But before Volcker’s tenure, inflation — or the annual change in the price of goods and services — was, at times, a scourge on American life. In the 1970s and early 1980s, when many baby boomers entered the labor market, it was normal for prices on everything from cookies to coal to rise 10 percent or more each year.
“An entire generation of young adults has grown up since the mid-1960s knowing only inflation, indeed an inflation that has seemed to accelerate inexorably,” Volcker said in 1979. “Inflation feeds in part on itself, so part of the job of returning to a more stable and more productive economy must be to break the grip of inflationary expectations,” he added later.
To break the cycle, Volcker hoisted interest rates to around 20 percent and kept them high in the face of extraordinary public pressure and, in rapid succession, two recessions.
As a result, he not only broke inflation’s back but seemed to cripple it forever.
Today’s workforce barely remembers Volcker’s titanic showdown with rising prices. Fewer than a quarter of today’s working-age Americans were over age 18 at the time — and they’re all baby boomers.
“There’s a generation of both people and economic analysts who never experienced the monster that Volcker slayed,” said Jared Bernstein, a senior fellow at the Center on Budget and Policy Priorities who served as chief economist to Vice President Joe Biden.
Overall, 6 in 10 working-age Americans haven’t even seen inflation above 4 percent. A quarter of them haven’t even seen a sustained stretch above 3 percent.
Pile it up for enough years and slow price growth becomes self-perpetuating. Compared with folks who lived through high inflation, those who experienced less inflation during their life will expect inflation to be lower in the future — even if they’re looking at the same economy, according to an analysis of responses to the University of Michigan’s long-running survey of consumers by economists Ulrike Malmendier of the University of California at Berkeley and Stefan Nagel of Stanford University.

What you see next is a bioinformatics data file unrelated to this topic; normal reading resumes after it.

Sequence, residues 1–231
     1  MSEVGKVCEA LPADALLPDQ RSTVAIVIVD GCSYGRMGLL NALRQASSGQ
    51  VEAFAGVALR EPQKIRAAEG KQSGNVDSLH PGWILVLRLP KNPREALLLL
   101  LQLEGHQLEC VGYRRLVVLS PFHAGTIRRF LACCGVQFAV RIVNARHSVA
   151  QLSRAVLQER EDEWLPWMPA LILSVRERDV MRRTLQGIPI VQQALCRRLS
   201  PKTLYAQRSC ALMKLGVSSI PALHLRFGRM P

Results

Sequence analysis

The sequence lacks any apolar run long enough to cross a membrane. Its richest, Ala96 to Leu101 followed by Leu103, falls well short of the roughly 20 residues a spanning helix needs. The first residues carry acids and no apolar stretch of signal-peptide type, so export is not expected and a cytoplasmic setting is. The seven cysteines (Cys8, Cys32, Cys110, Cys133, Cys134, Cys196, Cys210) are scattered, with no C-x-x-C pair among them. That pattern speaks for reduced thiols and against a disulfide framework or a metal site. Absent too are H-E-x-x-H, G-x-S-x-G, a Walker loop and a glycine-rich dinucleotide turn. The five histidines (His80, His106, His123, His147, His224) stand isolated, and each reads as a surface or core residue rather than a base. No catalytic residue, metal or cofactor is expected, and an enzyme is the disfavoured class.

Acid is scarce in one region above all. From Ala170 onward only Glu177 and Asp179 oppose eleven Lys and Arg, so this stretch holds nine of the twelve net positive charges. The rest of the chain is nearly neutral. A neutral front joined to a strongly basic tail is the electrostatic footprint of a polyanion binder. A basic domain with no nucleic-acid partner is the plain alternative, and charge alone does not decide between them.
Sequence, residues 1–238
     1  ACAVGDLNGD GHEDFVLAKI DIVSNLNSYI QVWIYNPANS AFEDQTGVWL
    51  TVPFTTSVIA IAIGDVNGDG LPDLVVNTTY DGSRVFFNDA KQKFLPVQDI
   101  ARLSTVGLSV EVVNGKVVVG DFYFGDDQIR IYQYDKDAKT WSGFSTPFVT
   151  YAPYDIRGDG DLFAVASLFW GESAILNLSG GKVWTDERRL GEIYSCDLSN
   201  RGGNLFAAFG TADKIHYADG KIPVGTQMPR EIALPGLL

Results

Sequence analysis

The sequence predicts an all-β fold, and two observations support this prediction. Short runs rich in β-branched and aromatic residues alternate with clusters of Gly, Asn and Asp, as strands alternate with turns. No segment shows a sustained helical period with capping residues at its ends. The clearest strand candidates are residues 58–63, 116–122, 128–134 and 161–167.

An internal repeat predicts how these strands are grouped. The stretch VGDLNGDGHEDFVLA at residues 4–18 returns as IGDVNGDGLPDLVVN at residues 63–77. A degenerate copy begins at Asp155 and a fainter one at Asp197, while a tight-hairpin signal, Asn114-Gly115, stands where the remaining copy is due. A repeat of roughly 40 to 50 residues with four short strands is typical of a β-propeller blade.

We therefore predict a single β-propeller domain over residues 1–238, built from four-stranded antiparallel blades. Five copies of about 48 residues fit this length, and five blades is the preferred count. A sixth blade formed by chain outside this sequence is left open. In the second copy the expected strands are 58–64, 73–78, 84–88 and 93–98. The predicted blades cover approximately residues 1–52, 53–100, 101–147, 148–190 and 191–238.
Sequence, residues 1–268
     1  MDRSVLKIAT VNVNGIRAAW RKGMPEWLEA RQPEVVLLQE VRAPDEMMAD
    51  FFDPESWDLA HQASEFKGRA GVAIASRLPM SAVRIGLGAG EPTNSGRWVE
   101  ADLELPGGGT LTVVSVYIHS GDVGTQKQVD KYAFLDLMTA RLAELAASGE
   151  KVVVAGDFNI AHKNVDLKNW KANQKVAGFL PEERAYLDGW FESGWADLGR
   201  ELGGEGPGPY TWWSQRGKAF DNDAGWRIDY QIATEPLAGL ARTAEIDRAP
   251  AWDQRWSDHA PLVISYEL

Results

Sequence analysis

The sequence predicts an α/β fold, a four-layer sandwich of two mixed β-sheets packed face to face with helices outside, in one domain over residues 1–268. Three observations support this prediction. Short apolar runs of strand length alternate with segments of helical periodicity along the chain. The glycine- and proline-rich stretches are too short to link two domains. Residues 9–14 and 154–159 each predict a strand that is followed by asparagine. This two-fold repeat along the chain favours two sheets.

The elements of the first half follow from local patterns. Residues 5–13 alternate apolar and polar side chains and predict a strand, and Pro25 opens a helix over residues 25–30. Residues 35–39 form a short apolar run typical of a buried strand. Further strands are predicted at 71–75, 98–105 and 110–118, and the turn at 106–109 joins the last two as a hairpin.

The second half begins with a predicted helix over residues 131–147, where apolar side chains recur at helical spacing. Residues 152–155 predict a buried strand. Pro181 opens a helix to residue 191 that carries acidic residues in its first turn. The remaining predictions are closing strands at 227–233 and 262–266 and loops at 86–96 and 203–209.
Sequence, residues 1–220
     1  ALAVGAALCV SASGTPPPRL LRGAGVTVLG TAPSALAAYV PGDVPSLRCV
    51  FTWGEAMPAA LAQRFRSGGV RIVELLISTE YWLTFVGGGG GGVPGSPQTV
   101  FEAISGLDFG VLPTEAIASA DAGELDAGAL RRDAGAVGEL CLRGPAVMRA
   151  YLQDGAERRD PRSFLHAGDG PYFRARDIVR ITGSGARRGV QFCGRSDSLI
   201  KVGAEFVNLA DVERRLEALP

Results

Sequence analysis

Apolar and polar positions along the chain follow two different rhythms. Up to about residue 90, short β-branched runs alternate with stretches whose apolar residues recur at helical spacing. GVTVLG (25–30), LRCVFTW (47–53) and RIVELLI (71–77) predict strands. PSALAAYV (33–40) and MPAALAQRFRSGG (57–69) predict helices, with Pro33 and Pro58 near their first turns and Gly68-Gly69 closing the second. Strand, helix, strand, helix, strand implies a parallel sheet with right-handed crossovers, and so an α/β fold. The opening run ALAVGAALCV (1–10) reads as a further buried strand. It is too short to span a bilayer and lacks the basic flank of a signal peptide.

For example, during the Volcker era, the inflation expectations of young Americans soared relative to those of their older peers who entered the workforce when inflation was lower. Those older peers had watched prices grow modestly during the 1950s and 1960s and lowered their expectations accordingly, Malmendier and Nagel write. Their widely cited study was published in the Quarterly Journal of Economics.
Since 1982, Americans’ expectations for inflation in the year ahead have settled into a narrow band around 2 and 3 percent, a far cry from the double-digit levels they hit early in Volcker’s term, according to that same Michigan survey.
It makes sense that adults today would pay much less — if any — attention to inflation compared with older Americans who came of age during economically volatile times, said Emi Nakamura, a UC-Berkeley economist whose research on prices recently helped earn her the John Bates Clark Medal awarded yearly to a top economist under age 40. That shift eases pressure on the Fed, Nakamura said, because even where there are deviations from the target of 2 percent, people’s broad expectations are still very anchored.